Japan — Typhoon Man-yi has forced thousands of residents to evacuate. The typhoon made landfall at around 8 am, with wind gusts up to 100 mph. The powerful storm came ashore in Toyohashi, Aichi prefecture.
Close to 130 residents were injured as the heavy rain and relentless winds caused flooding and landslides. Four people are still missing, and at least two are reported dead.
Two elderly women were killed in the midst of the destructive typhoon. A 72-year-old woman was inside her home when it collapsed. Authorities eventually recovered her body from the debris.
A 77-year-old woman was found dead in Fukui prefecture following a landslide.
Over 4,000 homes were damaged or destroyed by heavy flooding, high winds, and mudslides. The storm eventually weakened as it moved off the main land. However, it left a path of massive destruction.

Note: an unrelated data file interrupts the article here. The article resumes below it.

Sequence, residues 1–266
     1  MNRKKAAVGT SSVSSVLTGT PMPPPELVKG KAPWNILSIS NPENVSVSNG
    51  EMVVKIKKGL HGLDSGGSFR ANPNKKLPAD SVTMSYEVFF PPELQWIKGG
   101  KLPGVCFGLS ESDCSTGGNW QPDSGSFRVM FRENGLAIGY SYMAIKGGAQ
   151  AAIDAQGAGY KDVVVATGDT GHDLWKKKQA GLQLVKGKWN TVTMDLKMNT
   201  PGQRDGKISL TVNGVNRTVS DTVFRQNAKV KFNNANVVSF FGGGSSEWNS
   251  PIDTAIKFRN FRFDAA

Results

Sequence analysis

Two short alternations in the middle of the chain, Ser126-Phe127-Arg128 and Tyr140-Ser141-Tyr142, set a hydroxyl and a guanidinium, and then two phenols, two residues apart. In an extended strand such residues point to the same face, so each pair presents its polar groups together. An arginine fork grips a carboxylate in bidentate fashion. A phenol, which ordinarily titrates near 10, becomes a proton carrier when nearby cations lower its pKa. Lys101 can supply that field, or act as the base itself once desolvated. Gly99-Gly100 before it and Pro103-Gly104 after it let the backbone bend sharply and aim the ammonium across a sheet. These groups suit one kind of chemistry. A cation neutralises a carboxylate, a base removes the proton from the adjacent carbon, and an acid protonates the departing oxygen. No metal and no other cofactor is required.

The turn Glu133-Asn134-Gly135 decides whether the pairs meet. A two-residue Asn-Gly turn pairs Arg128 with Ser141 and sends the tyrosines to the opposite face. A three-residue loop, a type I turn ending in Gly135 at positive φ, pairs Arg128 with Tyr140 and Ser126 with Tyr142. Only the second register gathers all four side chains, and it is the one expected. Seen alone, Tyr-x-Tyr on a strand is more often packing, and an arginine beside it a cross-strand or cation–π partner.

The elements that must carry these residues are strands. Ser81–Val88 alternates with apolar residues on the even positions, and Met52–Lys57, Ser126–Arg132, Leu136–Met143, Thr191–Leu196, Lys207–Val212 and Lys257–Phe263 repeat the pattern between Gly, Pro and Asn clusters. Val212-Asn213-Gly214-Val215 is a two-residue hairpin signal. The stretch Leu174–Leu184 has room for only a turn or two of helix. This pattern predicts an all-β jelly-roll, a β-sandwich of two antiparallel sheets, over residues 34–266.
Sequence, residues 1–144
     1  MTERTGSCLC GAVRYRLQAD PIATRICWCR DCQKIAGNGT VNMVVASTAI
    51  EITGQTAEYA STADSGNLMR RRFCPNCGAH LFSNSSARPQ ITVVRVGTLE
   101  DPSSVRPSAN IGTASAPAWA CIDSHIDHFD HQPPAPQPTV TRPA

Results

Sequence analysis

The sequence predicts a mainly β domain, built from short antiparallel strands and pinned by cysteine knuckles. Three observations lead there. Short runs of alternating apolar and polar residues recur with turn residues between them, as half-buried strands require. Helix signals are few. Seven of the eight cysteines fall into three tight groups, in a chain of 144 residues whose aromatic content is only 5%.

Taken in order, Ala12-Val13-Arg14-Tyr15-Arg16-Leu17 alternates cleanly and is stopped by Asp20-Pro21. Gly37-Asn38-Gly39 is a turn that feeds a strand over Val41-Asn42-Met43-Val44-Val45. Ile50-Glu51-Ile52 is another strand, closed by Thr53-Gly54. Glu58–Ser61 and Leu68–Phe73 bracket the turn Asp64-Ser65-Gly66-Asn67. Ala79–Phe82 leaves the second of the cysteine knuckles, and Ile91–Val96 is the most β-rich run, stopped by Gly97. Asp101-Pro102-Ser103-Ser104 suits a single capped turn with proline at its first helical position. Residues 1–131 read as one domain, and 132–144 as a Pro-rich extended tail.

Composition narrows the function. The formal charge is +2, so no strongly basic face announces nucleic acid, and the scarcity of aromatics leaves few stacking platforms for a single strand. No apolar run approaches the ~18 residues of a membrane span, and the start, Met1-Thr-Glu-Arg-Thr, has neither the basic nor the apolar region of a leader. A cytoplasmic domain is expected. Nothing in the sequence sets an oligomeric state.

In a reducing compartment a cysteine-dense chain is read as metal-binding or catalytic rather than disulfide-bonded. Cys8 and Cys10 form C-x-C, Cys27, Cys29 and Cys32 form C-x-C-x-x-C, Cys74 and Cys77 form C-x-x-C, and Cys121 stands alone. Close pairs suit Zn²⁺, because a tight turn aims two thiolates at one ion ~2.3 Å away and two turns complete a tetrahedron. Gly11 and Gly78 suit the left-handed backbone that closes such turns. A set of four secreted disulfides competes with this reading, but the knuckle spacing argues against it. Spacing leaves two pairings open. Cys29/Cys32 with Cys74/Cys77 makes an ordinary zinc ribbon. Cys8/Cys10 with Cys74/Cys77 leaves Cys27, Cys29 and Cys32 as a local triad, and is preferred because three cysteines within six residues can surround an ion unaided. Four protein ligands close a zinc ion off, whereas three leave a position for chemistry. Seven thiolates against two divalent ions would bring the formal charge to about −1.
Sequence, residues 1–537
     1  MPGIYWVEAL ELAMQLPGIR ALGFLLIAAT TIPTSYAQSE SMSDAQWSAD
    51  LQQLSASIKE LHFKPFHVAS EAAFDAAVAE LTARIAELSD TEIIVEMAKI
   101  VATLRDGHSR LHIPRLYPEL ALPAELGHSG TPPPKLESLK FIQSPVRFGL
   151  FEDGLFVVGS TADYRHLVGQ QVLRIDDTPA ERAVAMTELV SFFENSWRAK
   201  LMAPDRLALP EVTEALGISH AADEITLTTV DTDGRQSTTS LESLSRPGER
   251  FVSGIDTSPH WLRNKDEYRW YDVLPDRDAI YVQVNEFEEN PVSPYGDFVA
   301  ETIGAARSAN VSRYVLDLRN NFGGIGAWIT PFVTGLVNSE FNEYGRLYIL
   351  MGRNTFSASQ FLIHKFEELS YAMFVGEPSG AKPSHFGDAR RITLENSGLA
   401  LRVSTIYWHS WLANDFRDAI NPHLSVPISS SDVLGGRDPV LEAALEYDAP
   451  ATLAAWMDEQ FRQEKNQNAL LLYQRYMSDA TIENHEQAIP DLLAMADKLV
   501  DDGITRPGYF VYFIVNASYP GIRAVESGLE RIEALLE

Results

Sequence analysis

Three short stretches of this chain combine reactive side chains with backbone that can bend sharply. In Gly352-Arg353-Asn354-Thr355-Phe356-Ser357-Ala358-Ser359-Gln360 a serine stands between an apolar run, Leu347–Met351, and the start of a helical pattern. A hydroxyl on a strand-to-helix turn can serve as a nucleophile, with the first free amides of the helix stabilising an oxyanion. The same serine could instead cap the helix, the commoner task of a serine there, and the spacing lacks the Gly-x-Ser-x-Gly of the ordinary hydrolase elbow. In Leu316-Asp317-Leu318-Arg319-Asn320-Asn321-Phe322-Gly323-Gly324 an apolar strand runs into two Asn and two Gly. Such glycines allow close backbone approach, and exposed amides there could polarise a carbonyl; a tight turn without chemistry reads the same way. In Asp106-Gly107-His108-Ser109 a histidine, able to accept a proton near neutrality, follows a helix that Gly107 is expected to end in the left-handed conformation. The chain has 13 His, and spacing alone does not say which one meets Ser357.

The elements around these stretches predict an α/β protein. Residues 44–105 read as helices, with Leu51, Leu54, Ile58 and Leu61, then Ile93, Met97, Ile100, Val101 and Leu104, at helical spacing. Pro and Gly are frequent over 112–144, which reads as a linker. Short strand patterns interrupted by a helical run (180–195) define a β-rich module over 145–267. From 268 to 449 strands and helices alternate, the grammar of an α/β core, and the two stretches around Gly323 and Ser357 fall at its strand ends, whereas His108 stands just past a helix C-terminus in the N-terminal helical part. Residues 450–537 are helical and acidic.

According to The Meteorological Agency, Typhoon Man-yi dumped an unprecedented” 3 inches of rain per hour.
More than 250,000 residents were ordered to evacuate Kyoto. As the Katsura River continued to swell, many residents were transported to safety by boat.
As reported by BBC, authorities have ordered evacuations in Hyogo, Kyoto, Mie, and Shiga, prefectures. Thousands of residents remain without power as crews work to restore damaged lines
Numerous tourists were also forced to evacuate, as the flooding breached local hotels. Hotel manager Makoto Hasegawa says the flood waters reached “up to the waist.”
Hasegawa is now focusing on clean-up, clearing out the debris and rinsing the entrance and lobby with clean water.
In Fukushima, Japan, the typhoon threatened the already crippled Tokyo Electric Power nuclear facility. As flood waters threatened tanks storing radioactive water, plant operators diverted the rainwater to the ocean.
Plant officials claim the water is free of radiation.
In Japan, the typhoon has caused widespread devastation. As the storm has moved on, the residents are now tasked with clean-up and recovery.
[Image via Flickr]